He looks at the US occupation from 1915-1934 during which time Haitian uprisings were brutally suppressed. He cites an example where a Haitian worker in a forced labour gang set up by the US forces was murdered in cold blood when he was considered lazy by one of the guards. During that period the US restructured the Haitian army to become an oppressive tool for its foreign policy objectives in Haiti for decades to follow, and that was only ended by the dismissal of the army by President Aristide in 1995 (who was overthrown also by officers trained by the US army, at the notorious Fort Benson ‘School of the Americas’).

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The criticism that one can have of the book is that it may exaggerate the influence of the US on Haiti’s misfortunes – and it does neglect the indigenous factors – but most people would agree that most of it is factually accurate and leaves little doubt about what tends to happen if you have the misfortune to live in the backyard of a superpower. And that is why I have chosen this book, because a lot of people living the US haven’t got the first inkling of the effect its foreign policy has on countries like Haiti.

A key example is the export of US rice to Haiti, which is highly subsidised, and the Haiti government has been forced by the IMF [in which the US plays a large role] to abolish its import tariffs on rice and many other goods so Haitian farmers cannot compete. This led to many of them giving up farming and to move to the slums of Port-au-Prince to look for work. So you could argue that in this way US foreign policy contributed to the increased death toll in the recent earthquake. If more people had been able to stay in the countryside, the city wouldn’t have become so overcrowded and with so many unsafe buildings being constructed. In conclusion I would say Farmer’s book is probably the most cogent analysis of US foreign policy on Haiti from the perspective of those at the receiving end.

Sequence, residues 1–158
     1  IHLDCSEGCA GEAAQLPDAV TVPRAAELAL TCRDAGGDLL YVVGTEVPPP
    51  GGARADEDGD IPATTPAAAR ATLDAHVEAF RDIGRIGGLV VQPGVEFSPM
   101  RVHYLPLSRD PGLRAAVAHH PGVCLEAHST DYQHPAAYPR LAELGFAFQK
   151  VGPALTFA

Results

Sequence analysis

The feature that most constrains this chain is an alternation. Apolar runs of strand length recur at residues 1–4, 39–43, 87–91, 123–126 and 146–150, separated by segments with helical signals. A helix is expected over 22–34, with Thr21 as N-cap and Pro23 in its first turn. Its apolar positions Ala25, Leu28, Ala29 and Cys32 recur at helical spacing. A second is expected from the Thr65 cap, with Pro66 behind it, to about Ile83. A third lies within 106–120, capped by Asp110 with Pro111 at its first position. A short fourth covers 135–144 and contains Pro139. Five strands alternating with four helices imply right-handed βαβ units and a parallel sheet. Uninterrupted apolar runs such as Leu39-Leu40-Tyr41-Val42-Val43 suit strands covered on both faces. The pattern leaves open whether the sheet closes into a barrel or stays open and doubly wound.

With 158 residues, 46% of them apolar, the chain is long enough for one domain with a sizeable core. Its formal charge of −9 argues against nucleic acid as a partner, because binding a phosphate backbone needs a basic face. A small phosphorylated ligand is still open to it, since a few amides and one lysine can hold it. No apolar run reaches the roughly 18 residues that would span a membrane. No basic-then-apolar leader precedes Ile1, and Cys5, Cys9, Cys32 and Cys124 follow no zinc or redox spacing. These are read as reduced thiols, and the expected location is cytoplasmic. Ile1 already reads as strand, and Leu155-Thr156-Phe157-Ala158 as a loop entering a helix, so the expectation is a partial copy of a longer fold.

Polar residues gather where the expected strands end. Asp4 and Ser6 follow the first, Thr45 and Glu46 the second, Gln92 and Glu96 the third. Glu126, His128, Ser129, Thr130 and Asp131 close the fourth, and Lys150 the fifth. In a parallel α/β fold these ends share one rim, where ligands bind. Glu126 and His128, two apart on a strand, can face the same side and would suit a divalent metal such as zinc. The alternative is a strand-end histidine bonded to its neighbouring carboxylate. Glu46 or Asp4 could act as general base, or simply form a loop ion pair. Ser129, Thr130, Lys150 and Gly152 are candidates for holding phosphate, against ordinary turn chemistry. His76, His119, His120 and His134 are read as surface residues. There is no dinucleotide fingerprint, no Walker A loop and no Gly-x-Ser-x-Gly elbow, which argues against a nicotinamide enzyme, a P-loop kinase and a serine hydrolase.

May 2, 2010

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Christian Wisskirchen

Christian Wisskirchen

Christian Wisskirchen has worked on Haiti since 1991. In 1992 he was among the founders of Haiti Support Group, which has become the leading pressure and solidarity group on Haiti in the UK. He is now chairman. He is also head of International Relations of the Bar Council of England and Wales.

Christian Wisskirchen

Christian Wisskirchen

Christian Wisskirchen has worked on Haiti since 1991. In 1992 he was among the founders of Haiti Support Group, which has become the leading pressure and solidarity group on Haiti in the UK. He is now chairman. He is also head of International Relations of the Bar Council of England and Wales.